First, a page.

A Review of Louis Venters’ No Jim Crow Church: The Origins of South Carolina’s Bahá’í Community
No Jim Crow Church: The Origins of South Carolina’s Bahá’í Community, by Louis Venters. Gainesville, Florida: UP of Florida, 2015. xxii +322 pages, notes, bibliography, index. $74.95, hardcover, $27.95, paperback
Louis Venters’ remarkable book No Jim Crow Church: The Origins of South Carolina’s Bahá’í Community is possibly the best piece of history written about the American Bahá’ís to date. While it focuses on the Bahá’ís of South Carolina from 1898 to 1968, the book is also superbly contextualized, both in terms of South Carolina’s social and religious history and in terms of the development of the overall American Bahá’í community. As such, it provides a richly detailed exploration of a microcosm of the American Bahá’í community and a paradigmatic example of the trends of the American Bahá’í community as a whole during a crucial period of its history.
The book’s thesis (xiii) is also remarkable:
Although numerically insignificant and apparently powerless during the period under review, South Carolina’s Bahá’í community accomplished a remarkable feat that was without real parallel: in the midst of a political and religious culture that denied the humanity of people of African descent in virtually every department of life, they created an interracial religious fellowship in which blacks and whites participated fully, unitedly, and as complete equals, from the local level up. The very presence of such a community, forged in the interstices of Jim Crow South Carolina, undermined both the practical mechanisms and the spiritual underpinnings of white supremacy.
No Jim Crow Church details the initial resistance of white Bahá’ís to their new Faith’s high standards of interracial fellowship as well as the external opposition from churches, politicians, and the Ku Klux Klan. The seventy years of slow but steady growth detailed in the book set the stage for the Bahá’í Faith becoming a mass movement among some of South Carolina’s African American community in 1969–71. That made the South Carolina Bahá’í community the largest community by state in the United States for a time and catapulted the Faith to the status of the largest non-Christian religion in South Carolina, larger, by some counts, than Jews, Muslims, or Buddhists.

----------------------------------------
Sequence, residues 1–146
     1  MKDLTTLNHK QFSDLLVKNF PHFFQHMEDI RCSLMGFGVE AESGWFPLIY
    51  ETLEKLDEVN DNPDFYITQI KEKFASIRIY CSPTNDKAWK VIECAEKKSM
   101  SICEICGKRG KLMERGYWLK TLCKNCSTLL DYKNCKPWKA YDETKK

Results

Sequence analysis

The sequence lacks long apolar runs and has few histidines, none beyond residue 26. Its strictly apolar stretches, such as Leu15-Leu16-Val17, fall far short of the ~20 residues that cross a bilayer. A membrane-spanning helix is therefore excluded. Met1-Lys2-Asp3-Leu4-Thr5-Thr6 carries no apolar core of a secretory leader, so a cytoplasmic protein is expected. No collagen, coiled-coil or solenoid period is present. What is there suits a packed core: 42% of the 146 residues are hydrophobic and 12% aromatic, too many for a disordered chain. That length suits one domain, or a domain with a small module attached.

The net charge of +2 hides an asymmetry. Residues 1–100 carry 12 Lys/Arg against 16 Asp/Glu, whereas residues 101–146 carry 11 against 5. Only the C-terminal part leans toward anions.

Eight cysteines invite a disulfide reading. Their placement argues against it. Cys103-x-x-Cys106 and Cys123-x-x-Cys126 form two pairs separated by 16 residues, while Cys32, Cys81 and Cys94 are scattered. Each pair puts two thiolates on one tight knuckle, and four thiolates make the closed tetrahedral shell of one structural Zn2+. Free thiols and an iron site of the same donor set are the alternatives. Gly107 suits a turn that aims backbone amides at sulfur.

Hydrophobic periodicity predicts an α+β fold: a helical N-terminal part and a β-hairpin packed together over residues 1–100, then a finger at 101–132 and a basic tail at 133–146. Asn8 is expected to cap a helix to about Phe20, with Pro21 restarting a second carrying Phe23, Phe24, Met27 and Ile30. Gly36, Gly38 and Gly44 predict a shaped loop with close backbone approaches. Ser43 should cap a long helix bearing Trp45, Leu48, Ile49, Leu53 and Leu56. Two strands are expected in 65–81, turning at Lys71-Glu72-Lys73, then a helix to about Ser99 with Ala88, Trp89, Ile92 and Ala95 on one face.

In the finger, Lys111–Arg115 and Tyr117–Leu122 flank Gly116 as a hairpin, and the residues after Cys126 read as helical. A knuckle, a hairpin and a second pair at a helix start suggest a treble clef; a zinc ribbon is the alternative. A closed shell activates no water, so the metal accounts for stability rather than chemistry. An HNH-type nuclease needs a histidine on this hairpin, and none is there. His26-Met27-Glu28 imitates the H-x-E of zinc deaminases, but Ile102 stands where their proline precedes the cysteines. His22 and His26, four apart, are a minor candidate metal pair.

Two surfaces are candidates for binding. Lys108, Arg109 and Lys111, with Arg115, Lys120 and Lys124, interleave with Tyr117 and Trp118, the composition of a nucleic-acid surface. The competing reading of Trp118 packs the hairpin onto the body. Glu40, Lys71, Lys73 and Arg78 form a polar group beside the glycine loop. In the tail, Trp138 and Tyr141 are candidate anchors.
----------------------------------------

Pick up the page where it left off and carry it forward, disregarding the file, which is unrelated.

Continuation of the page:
The book’s six chapters and a coda cover developments in chronological order. “First Contacts, 1898–1916” describes the arrival of the Bahá’í Faith in South Carolina through the efforts of a African American lawyer, Louis G. Gregory, who was a resident of Washington, D.C., but a native of Charleston. Gregory’s efforts to desegregate the Washington, D.C., Bahá’í community set the pattern of racially integrated local Bahá’í communities across the United States and resulted in his election to the national Bahá’í coordinating council in 1912, the first African American so to serve. But the fate of the first South Carolina convert—Alonzo Twine, a black attorney in Charleston, who was committed to the state’s insane asylum by his family and his minister, apparently because of his new found faith—underlined the immense resistance to conversion to a non-Christian religion that both whites and blacks faced in the south.
Chapter 2, “The Divine Plan, the Great War, and Progressive-Era Racial Politics, 1914–1921” reviews Louis Gregory’s numerous trips across the South and his (and others’) efforts to teach the Bahá’í Faith in churches, colleges, and public halls. The Tablets of the Divine Plan, a series of letters from the head of the Bahá’í Faith, ‘Abdu’l-Bahá, to the North American Bahá’ís, stimulated a great outpouring effort to spread the Faith. But black churches often attacked the Bahá’í Faith and the NAACP—which was trying to establish chapters across South Carolina in the face of violent opposition—was not a receptive audience.
“Building a Bahá’í Community in Augusta and North Augusta, 1911–1939,” Chapter 3, covers the establishment of the first Bahá’í community in South Carolina in a wealthy white suburb of Augusta, Georgia, thanks to the efforts of a German music teacher. But in spite of the universal appeal of music, the community achieved only partial racial integration. Nevertheless, it was a center of activity that brought some two dozen people into the Bahá’í Faith, scattered across the state.